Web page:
Immigrants and Immigration
Immigrants and Immigration
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DescriptionThis book discusses the role of psychology in understanding the processes associated with immigrants and immigration, and in meeting the challenge of managing immigration successfully and in ways that facilitate the achievement and well-being of immigrants, that benefit the country collectively, and that produce the cooperation and support of members of the receiving society. It considers how the study of immigrants and immigration offers potential benefits to the discipline of psychology and describes how a psychological perspective on this topic can complement in important ways other disciplinary perspectives.
1. Immigrants and Immigration: Advancing the Psychological Perspective: John F. Dovidio, Colgate University; Victoria M. Esses, University of Western Ontario.
Part II: Responses to Immigrants and Immigration among Members of the Receiving Society: .
1. The Immigration Dilemma: The Role of Perceived Group Competition, Ethnic Prejudice, and National Identity: Victoria M. Esses, University of Western Ontario; John F. Dovidio, Colgate University; Lynne M. Jackson, Ryerson University; & Tamara L. Armstrong, University of Western Ontario.
2. The Psychological Ambiguity of Immigration and Its Implications for Promoting Immigration Policy: Felicia Pratto, University of Connecticut; Anthony F. Lemieux, University of Connecticut.
3. Contemporary Immigration Policy Orientations Among Dominant-Group Members in Western Europe: James S. Jackson, University of Michigan; Kendrick T. Brown, Macalaster College; Tony N. Brown, University of Michigan; & Bryant Marks, University of Illinois at Chicago.
4. Ethnophaulisms for Ethnic Immigrant Groups, Brian Mullen, Syracuse University.
Part III: Immigrant Perspectives and Adaptations:.
1. Toward a Concept of a Migrant Personality, Bonka S. Boneva and Irene Hanson Frieze, University of Pittsburgh.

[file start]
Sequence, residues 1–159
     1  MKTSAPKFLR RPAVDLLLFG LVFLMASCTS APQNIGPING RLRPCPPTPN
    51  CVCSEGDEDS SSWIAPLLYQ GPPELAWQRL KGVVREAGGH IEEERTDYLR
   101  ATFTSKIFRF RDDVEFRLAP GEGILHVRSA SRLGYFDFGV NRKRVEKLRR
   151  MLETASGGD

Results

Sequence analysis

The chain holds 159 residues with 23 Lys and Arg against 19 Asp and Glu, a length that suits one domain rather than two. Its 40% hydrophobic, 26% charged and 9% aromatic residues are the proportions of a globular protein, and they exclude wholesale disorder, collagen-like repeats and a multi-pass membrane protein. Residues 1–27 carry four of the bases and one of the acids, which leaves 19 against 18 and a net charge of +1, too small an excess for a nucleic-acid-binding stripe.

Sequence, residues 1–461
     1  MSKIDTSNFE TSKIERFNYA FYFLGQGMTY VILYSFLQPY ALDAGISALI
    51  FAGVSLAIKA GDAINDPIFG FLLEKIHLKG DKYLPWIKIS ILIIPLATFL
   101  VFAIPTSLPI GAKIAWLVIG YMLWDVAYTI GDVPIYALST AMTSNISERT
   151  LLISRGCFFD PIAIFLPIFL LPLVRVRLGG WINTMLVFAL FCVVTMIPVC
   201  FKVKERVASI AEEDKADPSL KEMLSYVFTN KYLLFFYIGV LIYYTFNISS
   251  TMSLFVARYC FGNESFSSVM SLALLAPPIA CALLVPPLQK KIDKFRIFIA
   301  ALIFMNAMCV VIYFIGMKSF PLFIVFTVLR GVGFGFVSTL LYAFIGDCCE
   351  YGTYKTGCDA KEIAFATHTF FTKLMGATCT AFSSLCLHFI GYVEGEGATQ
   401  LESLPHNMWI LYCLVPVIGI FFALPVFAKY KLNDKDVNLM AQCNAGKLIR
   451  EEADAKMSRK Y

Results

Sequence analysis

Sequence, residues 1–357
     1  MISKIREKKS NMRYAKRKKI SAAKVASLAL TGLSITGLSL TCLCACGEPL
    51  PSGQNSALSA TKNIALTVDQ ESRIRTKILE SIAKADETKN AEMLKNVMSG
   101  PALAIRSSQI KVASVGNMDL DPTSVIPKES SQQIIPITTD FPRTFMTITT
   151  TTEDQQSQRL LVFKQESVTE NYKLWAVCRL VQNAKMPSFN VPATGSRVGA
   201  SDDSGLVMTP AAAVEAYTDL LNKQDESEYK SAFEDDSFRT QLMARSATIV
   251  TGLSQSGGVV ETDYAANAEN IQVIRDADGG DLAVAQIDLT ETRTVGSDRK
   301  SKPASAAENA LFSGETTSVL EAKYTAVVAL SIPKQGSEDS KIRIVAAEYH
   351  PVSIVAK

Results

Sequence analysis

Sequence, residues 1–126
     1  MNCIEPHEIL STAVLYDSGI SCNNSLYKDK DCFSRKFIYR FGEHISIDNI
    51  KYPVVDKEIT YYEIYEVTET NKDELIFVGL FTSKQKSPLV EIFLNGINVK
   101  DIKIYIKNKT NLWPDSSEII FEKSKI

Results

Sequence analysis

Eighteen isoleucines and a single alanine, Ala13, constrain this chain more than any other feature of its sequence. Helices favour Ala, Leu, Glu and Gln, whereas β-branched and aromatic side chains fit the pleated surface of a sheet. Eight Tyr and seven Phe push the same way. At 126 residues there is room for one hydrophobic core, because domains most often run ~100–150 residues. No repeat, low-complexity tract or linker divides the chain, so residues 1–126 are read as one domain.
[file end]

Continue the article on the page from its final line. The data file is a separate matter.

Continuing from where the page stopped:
2. Ethnic Identity, Immigration, and Well-Being: An Interactional Perspective, Jean S. Phinney, California State University, Los Angeles; Gabriel Horenczyk, Hebrew University of Jerusalem; Karmela Liebkind, University of Helsinki; & Paul Vedder, University of Leiden.
3. Gender and Cultural Adaptation in Immigrant Families, Karen K. Dion and Kenneth L. Dion, University of Toronto.
4. Immigrants' Perceptions of Housing Discrimination in Toronto: The Housing New Canadians Project, Kenneth L. Dion, University of Toronto.
Part IV: Reciprocal Responses: .
1. Acculturation and Prejudice in Germany: Majority and Minority Perspectives: Andreas Zick, University of Wuppertal; Ulrich Wagner, University of Marburg; Rolf van Dick, University of Marburg; Thomas Petzel, University of Dortmund.
2. Interethnic Contact, Identity, and Psychological Adjustment: The Mediating and Moderating Roles of Communication: Richard Clément, University of Ottawa; Kimberly A. Noels, University of Alberta; Bernard Deneault, University of Ottawa.
3. Immigrant Success in the Knowledge Economy: Institutional Change and the Immigrant Experience in Canada, 1970–1995: Jeffrey G. Reitz, University of Toronto.
Part V: Conclusions:.
A Psychology of Immigration: J. W. Berry, Queen's University.
Discusses the role of psychology in understanding the processes associated with immigrants and immigration.
- Considers how the study of immigrants and immigration offers potential benefits to the discipline of psychology and describes how a psychological perspective on this topic can complement in important ways other disciplinary perspectives.